The American Federation of Teachers and National Education Association joined with the advocacy group Everytown for Gun Safety Support Fund in calling for an end to unannounced drills or drills that simulate gun violence.
“Everywhere I travel, I hear from parents and educators about active shooter drills terrifying students, leaving them unable to concentrate in the classroom and unable to sleep at night,” said Lily Eskelsen Garcia, president of the National Education Association. “So traumatizing students as we work to keep students safe from gun violence is not the answer. That is why if schools are going to do drills, they need to take steps to ensure the drills do more good than harm.”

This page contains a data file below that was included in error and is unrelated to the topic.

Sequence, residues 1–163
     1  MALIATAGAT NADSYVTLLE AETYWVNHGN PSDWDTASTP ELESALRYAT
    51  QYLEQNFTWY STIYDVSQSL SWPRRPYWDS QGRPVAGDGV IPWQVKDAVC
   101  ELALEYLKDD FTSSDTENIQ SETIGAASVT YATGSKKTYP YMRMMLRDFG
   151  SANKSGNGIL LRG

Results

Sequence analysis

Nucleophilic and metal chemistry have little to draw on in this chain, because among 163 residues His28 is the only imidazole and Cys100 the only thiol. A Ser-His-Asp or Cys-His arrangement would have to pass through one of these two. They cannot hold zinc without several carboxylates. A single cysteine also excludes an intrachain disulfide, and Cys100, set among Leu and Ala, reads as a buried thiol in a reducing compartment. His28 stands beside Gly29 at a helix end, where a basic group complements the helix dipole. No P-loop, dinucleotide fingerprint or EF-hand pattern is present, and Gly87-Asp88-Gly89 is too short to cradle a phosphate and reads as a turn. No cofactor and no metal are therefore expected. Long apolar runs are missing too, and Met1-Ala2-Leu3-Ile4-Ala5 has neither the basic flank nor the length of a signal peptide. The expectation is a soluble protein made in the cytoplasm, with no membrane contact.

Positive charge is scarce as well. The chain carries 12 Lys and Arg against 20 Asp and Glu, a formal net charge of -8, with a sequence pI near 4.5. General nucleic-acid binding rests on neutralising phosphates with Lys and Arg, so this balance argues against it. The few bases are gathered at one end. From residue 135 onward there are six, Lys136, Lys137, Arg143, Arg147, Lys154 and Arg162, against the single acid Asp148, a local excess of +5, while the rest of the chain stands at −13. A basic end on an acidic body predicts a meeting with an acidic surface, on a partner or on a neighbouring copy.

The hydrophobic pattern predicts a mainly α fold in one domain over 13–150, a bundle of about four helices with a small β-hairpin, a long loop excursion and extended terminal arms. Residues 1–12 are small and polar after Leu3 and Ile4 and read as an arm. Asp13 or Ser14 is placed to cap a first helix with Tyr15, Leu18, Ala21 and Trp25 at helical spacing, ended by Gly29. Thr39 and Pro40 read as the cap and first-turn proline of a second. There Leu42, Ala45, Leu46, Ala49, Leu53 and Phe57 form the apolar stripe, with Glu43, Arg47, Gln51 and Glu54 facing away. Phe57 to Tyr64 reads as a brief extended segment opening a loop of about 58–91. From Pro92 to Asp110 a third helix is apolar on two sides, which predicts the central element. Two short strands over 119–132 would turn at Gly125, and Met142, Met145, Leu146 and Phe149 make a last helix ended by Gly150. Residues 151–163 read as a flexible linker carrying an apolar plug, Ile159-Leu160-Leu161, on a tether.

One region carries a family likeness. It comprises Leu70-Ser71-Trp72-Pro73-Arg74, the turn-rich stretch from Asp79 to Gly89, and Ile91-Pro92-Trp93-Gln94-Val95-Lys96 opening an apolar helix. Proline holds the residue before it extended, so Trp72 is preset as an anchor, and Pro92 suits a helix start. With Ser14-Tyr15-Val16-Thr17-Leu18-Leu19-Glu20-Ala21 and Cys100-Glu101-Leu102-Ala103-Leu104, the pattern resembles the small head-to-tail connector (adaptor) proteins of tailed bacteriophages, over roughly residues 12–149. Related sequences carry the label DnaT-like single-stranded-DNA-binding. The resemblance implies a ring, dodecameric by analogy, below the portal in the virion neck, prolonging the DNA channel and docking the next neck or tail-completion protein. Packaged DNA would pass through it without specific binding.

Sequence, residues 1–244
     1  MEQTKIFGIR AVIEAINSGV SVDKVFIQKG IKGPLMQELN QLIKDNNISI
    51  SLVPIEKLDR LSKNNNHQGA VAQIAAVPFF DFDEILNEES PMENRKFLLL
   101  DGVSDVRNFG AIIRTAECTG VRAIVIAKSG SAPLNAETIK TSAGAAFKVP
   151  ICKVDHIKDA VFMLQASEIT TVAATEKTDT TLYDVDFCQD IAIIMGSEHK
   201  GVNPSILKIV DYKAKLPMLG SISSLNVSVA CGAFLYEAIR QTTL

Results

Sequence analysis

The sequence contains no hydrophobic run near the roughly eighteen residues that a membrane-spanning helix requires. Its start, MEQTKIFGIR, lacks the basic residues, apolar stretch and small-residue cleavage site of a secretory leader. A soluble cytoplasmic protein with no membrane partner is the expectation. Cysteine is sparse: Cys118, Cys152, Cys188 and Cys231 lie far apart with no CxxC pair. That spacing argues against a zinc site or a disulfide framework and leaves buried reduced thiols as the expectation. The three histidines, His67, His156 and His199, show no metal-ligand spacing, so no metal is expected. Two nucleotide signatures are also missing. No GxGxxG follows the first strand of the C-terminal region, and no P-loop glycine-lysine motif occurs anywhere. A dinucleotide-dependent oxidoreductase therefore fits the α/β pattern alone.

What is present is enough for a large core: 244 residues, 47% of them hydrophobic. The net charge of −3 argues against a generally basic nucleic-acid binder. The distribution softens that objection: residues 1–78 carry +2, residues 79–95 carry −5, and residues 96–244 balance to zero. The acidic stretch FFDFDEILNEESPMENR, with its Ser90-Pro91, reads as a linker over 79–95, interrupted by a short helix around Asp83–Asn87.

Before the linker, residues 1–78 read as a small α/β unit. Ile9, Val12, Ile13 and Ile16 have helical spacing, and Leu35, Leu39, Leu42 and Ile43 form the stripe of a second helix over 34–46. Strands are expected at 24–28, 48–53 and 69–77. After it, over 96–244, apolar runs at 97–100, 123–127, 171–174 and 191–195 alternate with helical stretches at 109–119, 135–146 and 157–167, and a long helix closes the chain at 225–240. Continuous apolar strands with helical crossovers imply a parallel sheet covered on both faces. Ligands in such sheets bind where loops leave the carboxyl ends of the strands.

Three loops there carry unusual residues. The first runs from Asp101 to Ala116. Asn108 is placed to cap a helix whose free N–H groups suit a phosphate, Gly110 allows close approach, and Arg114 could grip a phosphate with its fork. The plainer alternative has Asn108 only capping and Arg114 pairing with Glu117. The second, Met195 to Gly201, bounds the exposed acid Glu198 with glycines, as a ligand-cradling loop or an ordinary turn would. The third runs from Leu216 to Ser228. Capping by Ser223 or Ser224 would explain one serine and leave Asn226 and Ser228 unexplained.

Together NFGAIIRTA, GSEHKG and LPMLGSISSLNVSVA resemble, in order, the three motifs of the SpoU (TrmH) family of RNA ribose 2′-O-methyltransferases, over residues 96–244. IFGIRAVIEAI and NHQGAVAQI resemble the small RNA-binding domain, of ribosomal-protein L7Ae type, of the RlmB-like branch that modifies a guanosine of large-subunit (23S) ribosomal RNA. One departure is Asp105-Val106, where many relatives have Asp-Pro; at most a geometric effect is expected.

Active shooter drills have become more common as more school massacres have made headlines. But there is hardly any research on the drills’ effectiveness, and while there are some federal recommendations, there is no standard template for schools to follow in terms of how to do them, how often to conduct them and how to explain them to students of different ages.